Miniature unmanned quadcopter QR Ladybird “insect”

    QR Ladybird from Walkera is a small quadrocopter sold in a plug and fly package, starting at $ 90, including shipping. There is a complete set with FPV - a camera and a video transmitter are suspended from the copter, a receiver and a screen are built into the remote control - you can practice flying in the “first-person view”.

    Lyrical digression

    In me (as, perhaps, in any boy), since childhood, there has been an interest in various radio-controlled models. A sharpening of interest came when I saw photographs taken from an incredible angle of the Church of the Intercession on the Nerl in the spring flood - Stanislav Sedov and Dmitry Moiseenko shot from the air, from a radio-controlled model of a helicopter:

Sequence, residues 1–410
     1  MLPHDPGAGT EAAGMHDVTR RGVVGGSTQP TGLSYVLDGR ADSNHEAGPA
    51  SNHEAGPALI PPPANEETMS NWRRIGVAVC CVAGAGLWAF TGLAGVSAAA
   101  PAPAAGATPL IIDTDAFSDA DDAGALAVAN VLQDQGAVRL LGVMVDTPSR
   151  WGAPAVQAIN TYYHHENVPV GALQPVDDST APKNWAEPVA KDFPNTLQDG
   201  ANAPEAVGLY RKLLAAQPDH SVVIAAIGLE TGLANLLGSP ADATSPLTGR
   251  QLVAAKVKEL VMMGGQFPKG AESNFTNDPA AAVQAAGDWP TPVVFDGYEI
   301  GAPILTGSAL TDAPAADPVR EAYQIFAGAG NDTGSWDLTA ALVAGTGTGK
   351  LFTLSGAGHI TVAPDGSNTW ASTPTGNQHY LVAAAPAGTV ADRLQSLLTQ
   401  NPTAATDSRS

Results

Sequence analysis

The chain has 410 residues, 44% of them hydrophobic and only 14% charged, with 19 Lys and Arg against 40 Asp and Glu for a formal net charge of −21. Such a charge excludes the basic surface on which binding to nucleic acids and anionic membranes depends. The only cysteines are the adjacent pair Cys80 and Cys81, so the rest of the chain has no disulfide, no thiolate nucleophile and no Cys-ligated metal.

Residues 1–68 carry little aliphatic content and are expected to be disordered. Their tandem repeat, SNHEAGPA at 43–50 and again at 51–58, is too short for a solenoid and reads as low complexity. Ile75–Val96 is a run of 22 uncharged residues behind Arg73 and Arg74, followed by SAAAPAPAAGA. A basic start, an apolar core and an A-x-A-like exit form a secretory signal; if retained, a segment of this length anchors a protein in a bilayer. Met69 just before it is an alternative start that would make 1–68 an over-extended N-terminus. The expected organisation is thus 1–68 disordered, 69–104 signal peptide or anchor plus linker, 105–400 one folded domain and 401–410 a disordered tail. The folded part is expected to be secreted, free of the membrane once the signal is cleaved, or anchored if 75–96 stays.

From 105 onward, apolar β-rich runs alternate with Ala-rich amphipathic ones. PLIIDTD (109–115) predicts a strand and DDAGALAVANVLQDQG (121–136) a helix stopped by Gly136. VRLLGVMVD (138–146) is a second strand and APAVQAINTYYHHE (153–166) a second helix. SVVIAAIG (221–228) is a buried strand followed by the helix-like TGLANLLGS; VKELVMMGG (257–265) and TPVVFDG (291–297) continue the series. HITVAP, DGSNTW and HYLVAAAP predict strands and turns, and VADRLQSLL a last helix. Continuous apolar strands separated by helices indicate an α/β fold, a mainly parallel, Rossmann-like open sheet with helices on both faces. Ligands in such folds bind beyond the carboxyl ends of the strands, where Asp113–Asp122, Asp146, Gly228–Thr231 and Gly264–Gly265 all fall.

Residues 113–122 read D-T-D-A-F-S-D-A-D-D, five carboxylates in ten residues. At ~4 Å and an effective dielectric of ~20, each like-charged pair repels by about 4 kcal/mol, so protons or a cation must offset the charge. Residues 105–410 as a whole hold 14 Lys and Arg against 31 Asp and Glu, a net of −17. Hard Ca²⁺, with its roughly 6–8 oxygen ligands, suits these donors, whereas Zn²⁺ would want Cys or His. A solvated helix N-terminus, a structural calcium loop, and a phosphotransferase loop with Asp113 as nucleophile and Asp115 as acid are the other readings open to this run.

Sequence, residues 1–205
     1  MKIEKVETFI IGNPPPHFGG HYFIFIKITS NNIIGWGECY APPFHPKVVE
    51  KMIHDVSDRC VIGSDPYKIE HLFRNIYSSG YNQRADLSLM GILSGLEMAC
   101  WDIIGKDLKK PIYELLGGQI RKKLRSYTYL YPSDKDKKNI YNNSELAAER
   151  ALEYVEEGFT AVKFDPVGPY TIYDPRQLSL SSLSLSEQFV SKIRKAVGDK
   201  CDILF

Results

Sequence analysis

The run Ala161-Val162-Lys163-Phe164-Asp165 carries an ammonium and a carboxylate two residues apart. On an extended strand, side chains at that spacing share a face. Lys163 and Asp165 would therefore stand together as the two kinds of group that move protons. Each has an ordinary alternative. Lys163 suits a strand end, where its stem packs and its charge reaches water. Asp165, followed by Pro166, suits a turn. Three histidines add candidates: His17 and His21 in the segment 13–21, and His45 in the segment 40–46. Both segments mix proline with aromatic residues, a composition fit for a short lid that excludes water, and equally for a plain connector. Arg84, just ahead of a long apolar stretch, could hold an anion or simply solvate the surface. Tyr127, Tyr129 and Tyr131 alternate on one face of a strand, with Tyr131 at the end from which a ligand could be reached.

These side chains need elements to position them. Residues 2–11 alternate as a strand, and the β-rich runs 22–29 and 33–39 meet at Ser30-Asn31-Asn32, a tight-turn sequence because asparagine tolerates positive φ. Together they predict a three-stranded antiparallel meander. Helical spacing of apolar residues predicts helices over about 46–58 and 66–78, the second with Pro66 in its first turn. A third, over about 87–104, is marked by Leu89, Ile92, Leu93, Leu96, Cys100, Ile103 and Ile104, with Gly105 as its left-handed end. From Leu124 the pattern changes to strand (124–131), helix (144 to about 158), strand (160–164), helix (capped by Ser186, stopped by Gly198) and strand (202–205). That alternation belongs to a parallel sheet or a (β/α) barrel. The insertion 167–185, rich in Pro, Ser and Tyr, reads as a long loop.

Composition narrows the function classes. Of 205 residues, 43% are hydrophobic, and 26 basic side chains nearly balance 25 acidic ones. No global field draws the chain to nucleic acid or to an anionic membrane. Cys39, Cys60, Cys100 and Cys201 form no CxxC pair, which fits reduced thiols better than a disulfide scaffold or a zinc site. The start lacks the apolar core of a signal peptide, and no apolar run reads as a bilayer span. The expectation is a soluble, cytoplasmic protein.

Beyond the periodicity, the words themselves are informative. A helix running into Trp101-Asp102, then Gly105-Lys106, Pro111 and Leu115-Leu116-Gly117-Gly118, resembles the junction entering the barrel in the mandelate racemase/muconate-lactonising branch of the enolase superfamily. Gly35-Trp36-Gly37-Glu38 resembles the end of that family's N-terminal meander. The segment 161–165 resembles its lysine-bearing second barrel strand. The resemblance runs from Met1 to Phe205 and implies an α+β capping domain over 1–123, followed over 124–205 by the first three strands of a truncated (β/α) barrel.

image(photo taken from Stanislav Sedov ’s blog )
    I went a little deeper into this topic, became interested in multicopter. However, in the process of studying, it became clear that the multicopter is such a thing that needs to be built - to immerse yourself in modeling, try, make mistakes, try again. Here, for example, one of articles on this subject on Habré . Respect for Yavanosta’s dedicationthe appearance of the drone he had assembled from improvised materials somewhat cooled my fervor, I postponed this topic as complicated. But recently, I came across a new article about unmanned aerial photography written by veell . It became clear that there are ready-made, well-thought-out construction kits from serious manufacturers for sale, and you can assemble a large multirotor that can lift the camera on board and take a breathtaking photo or video from the air ...

    But I have very little experience in controlling unmanned radio-controlled models. A couple of years ago, cheap small Chinese co-alignment helicopters began to appear everywhere. I took from friends and bombed two pieces. They have flimsy parts, and where to get spare parts is not clear, I only needed one helicopter for a day or two flights and a dozen falls.